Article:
What Social Security beneficiaries need to know about overpayment policies

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Social Security beneficiaries who borrow money from the Social Security Administration could see much lower default withholding rates from their monthly checks, thanks to new policies that are taking effect.

Through March 25, the Social Security Administration Will no longer collect 100% A total monthly Social Security benefit payment to compensate a beneficiary for money owed due to an overpayment of benefits.

Instead, the agency will collect 10% of the beneficiary’s gross monthly benefit or $10 – whichever is greater.

But there may be some time where beneficiaries are still affected by the old policy, the agency announced Friday.

If this happens, affected beneficiaries should call the Social Security Administration at 1-800-772-1213 To reduce their cash rates, the agency said.

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The new rules apply to overpayments, which begin when the amount of benefits owed is miscalculated and beneficiaries are sent checks for more than what they owe.

When this happens, the Social Security Administration is required by law to repay the excess money paid to beneficiaries. But it may not be obvious that overpayments have occurred over the years, sometimes resulting in thousands of dollars in overpayment notices.

In recent years, the problem of overpayments has gotten worse, said David Kemp, CEO of the National Organization of Social Security Claimants’ Representatives.

“There were always a lot of overpayments,” Kemp said, as the agency has struggled with limited or outdated resources over the years. “However over the past few years, it has remained stable, albeit shockingly high, the total number of overpaid individuals.”

Supplemental Security Income, or SSI, beneficiaries who face strict limits on their income and assets are particularly vulnerable to overpayment issues, Kemp said.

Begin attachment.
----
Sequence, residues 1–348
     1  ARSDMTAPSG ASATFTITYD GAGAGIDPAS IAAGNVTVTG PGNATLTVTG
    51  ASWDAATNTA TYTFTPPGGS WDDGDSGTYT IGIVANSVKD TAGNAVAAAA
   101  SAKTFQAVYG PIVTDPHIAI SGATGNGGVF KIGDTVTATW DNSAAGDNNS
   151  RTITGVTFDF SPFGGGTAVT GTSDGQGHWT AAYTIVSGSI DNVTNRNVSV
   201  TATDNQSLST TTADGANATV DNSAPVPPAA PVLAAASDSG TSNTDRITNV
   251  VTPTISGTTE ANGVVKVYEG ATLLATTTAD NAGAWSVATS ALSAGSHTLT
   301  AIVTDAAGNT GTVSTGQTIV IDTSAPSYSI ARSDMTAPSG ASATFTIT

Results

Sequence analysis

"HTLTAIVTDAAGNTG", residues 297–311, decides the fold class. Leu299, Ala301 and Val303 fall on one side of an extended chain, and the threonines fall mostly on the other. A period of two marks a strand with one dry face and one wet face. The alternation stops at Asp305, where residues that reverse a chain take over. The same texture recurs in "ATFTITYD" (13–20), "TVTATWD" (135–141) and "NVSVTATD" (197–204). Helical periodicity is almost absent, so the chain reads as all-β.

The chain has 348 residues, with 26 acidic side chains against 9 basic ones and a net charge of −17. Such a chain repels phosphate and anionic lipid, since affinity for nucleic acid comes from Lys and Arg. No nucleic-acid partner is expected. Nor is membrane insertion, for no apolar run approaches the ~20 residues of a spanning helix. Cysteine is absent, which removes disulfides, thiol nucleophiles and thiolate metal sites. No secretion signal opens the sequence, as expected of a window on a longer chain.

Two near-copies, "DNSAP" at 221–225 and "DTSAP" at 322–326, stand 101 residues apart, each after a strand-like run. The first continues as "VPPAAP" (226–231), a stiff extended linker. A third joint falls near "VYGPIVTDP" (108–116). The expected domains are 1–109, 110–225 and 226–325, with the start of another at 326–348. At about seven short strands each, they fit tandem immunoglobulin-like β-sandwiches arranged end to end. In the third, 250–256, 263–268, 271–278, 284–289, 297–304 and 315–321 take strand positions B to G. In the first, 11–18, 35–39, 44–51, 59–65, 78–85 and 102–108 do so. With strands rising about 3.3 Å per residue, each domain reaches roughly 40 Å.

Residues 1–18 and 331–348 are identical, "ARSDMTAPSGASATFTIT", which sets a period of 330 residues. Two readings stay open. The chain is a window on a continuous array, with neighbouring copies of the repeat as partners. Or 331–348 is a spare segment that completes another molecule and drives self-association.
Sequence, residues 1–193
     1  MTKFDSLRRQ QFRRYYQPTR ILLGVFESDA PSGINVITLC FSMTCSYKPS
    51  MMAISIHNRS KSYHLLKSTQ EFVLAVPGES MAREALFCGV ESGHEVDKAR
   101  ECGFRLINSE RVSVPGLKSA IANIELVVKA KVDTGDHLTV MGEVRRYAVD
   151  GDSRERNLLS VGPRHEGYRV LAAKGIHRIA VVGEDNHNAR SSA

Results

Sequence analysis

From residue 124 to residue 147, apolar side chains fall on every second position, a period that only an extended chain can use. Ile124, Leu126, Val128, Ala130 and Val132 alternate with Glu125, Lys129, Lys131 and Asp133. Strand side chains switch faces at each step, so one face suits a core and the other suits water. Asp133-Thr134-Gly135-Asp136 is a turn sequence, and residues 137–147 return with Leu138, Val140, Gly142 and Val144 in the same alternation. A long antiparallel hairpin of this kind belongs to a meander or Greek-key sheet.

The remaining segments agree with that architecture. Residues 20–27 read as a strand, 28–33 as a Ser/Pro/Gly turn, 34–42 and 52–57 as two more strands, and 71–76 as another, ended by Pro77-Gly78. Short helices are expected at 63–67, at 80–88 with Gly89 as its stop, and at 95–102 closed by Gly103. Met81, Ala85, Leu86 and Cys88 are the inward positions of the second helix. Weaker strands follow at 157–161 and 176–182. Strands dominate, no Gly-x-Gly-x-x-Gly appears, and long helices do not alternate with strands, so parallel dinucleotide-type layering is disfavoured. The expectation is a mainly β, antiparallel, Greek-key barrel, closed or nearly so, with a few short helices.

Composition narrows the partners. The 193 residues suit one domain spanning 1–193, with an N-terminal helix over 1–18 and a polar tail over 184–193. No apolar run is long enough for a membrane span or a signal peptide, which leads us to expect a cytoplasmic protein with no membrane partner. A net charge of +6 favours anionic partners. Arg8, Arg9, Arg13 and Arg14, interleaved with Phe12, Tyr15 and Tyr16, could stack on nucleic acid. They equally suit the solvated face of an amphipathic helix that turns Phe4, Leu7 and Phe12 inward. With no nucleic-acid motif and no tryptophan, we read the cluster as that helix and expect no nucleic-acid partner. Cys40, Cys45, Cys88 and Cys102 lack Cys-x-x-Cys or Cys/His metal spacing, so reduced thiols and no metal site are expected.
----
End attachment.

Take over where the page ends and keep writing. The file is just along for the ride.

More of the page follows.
The Social Security Administration said it is working to reduce the burden on affected beneficiaries.

“We will no longer be cruel enough to withhold 100% of payments if people don’t respond to our notices,” Commissioner Martin O’Malley said during recent testimony before the Senate.

When the new repayment threshold applies to new overpayments, beneficiaries who currently have an overpayment withholding rate of more than 10% can contact the Social Security Administration to reduce it, the agency said.

All affected beneficiaries should call the agency about the 10% payment rate, but they need to approach the process with patience, Kemp said. The Social Security Administration doesn’t have enough staff to answer the high volume of calls, so beneficiaries should expect hold times, Kemp said, as well as processing times.

The Social Security Administration is also implementing other new policies to address overpayments, including removing the burden of proof from Social Security claimants when determining who is at fault for an error.

The maximum period for repayment plan is being increased from 36 months to 60 months. It will also be easier for the beneficiaries to request a waiver so that they do not have to repay the amount.

“Most claimants never request a waiver, although many of them may qualify,” Kemp said.

That’s especially true for beneficiaries who are struggling to meet their basic needs or who are at risk of being kicked out because they’re paying Social Security, he said.

“Claimants should know that if it’s not their fault and they can’t afford to pay, they can ask not to pay at all,” Kemp said.

To request a waiver, the beneficiary must be Fill out a form.

Since O’Malley was sworn in as commissioner in December, he has taken some “very aggressive steps” toward addressing issues of overpayments to beneficiaries, said Max Richman, president and CEO of the National Committee to Preserve Social Security and Medicare.

“They’re so reasonable, it makes you wonder why no one has done this before,” Richtman said, referring specifically to the end of the policy of withholding all monthly payments from a beneficiary until the entire overpaid amount is paid.

“It’s a huge burden on most beneficiaries who live on Social Security or have Social Security as the majority of their income,” Richman said.

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